Derbyshire 98 & 210-7 Northamptonshire 210
Events unfolded almost as dramatically off the field as they did on it at Wantage Road yesterday. While the weather which claimed 47 overs was the only factor to hold up Curtly Ambrose and postpone Northamptonshire's first Championship victory of the season, Harry Brind and Donald Carr arrived from Lord's to inspect the troublesome pitch.
Once again the uneven bounce was exaggerated, as it always will be, by Ambrose although it was the fear of what might happen rather than what actually did happen that caused most of the wickets to fall.
There was a twist to the story of the pitch when it was revealed that Carr, the chairman of the pitches committee at Lord's, had made a routine visit to the ground last Wednesday.
While there, he was asked his view of the two pitches available for this match. He said he thought the one which had already been used for Tuesday's NatWest Trophy looked the better of the two and would be less likely to produce a clatter of wickets. This was either a most damning comment on the state of the square as a whole or one of those judgements that have a habit of returning to haunt cricket administrators.
The first arrival yesterday was Brind, the inspector of pitches who automatically becomes involved if 15 or more wickets fall in a day's Championship cricket. He inspected the surface but his thoughts and suggestions will not be revealed until the match is over.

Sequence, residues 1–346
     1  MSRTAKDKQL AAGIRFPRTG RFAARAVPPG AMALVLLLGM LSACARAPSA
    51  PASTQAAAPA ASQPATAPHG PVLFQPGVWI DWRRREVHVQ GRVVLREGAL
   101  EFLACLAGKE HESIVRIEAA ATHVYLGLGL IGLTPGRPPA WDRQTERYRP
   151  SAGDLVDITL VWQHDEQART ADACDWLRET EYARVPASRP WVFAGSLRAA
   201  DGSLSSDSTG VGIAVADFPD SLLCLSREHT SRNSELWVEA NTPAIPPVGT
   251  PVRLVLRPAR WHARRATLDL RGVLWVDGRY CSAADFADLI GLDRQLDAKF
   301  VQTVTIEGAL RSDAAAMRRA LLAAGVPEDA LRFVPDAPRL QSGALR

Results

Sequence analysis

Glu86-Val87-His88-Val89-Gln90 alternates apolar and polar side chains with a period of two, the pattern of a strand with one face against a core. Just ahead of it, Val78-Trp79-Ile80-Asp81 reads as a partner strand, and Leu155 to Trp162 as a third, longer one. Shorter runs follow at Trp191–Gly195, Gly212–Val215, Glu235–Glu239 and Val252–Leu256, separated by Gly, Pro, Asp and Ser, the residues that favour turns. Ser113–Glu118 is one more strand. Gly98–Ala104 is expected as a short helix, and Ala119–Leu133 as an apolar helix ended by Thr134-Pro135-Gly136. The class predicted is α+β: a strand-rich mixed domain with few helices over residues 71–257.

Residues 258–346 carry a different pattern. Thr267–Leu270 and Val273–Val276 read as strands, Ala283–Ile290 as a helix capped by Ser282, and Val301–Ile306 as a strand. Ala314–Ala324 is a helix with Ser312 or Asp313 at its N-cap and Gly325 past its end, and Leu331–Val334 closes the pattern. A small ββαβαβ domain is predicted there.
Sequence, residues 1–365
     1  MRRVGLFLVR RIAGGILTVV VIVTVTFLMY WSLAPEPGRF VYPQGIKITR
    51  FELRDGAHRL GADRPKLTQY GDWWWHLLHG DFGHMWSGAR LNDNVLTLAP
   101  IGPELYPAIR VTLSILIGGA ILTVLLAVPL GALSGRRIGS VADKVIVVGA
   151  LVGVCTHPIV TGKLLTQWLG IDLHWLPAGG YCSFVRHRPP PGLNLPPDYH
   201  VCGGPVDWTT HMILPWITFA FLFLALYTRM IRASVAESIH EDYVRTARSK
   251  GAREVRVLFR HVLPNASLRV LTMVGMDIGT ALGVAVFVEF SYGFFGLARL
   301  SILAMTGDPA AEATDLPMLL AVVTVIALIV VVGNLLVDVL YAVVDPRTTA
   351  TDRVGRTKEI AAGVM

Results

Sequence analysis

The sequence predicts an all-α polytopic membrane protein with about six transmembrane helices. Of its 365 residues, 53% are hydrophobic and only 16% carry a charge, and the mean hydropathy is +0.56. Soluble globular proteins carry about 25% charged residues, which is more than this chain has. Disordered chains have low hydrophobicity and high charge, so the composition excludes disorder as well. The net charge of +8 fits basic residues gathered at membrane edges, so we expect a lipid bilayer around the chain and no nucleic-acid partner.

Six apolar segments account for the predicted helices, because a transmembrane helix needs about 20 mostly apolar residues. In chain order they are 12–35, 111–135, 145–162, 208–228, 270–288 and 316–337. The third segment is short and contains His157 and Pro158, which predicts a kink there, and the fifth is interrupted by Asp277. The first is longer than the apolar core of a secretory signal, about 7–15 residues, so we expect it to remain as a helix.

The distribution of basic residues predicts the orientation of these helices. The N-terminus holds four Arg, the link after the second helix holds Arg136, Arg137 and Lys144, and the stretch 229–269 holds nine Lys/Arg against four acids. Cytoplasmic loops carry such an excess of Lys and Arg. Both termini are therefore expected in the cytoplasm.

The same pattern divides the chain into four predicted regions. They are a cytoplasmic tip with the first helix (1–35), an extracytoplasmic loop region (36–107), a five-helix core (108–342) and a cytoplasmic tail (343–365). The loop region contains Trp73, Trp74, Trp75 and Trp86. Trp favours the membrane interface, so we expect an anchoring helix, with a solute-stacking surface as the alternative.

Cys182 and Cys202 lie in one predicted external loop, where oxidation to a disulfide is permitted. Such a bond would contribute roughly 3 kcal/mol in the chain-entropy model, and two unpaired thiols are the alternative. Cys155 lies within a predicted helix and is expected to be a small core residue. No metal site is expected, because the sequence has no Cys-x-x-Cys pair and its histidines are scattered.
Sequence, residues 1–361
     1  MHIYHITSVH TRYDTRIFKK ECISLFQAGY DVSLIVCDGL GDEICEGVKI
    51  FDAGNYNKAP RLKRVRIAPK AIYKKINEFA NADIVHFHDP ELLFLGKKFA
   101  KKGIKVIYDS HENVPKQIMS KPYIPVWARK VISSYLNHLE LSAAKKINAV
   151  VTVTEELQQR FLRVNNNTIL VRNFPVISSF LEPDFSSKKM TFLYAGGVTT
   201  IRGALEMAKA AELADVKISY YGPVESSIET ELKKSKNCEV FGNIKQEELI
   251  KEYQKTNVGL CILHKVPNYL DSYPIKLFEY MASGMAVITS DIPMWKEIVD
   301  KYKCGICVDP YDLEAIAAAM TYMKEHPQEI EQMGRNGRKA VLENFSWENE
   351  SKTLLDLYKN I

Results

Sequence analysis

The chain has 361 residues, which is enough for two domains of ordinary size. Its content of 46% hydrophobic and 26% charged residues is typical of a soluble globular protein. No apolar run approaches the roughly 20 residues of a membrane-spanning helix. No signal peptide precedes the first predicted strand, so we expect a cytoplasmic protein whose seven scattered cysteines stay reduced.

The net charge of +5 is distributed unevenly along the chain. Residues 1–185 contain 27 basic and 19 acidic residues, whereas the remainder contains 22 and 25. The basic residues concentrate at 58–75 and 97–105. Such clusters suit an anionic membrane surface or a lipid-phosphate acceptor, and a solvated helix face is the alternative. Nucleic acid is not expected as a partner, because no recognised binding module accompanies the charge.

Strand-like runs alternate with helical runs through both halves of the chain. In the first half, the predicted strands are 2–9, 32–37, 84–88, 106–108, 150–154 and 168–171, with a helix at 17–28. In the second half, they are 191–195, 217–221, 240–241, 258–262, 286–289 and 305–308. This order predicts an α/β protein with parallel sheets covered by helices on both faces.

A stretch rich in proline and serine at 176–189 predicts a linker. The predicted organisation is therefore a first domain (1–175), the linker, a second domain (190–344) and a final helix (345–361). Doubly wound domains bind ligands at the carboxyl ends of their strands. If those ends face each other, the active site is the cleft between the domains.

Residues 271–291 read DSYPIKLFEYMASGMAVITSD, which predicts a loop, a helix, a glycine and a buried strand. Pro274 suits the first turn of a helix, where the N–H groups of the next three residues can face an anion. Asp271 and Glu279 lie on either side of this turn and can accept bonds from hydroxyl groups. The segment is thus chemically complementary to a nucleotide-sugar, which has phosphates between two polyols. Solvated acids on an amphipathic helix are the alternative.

He was followed after lunch by a return visit from Carr who drove up the M1 to make sure that his eyes had not deceived him on Wednesday. He will also remain silent until the game has finished.
Derbyshire again made a bad start when play began at 2.15 after rain. In the first 10 overs they lost both openers to slip catches off Ambrose and Paul Taylor. This brought together Chris Adam and Dean Jones in Derbyshire's first stand of real substance in the match.
Adams pulled vigorously at anything at all short and when the ball was pitched up he once or twice pulled or slogged it away over mid-wicket. He reached 50 in 512 balls with one six and seven fours while Jones made sure the other end was safe. They had put on 92 when John Emburey made one turn and lift in the over before tea and Jones was out to a juggling catch at short leg.
After tea, Ambrose claimed 3 for 7 in a fiercely hostile spell of 22 balls including Adams who played on. It was left to Phillip DeFreitas and Karl Krikken to lift Derbyshire's lead to 98 with bad light and rain claiming six of the last 10 overs.Reuse content